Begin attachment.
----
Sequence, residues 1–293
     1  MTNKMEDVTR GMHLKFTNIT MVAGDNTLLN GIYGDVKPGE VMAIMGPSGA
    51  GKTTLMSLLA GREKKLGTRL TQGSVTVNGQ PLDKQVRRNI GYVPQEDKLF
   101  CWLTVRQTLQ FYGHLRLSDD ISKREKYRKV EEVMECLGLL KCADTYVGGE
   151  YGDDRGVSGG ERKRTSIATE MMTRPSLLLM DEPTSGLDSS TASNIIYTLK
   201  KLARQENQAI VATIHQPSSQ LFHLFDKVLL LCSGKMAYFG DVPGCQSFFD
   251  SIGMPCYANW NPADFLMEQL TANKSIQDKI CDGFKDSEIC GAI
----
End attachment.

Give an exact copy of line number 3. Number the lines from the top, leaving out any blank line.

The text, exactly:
    51  GKTTLMSLLA GREKKLGTRL TQGSVTVNGQ PLDKQVRRNI GYVPQEDKLF